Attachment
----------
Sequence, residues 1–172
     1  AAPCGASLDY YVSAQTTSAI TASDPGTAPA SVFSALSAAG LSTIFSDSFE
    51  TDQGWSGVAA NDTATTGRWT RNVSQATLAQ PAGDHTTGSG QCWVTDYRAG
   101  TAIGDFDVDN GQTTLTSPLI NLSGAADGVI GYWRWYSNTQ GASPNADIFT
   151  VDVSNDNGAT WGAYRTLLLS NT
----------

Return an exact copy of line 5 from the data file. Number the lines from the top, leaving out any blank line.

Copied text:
   151  VDVSNDNGAT WGAYRTLLLS NT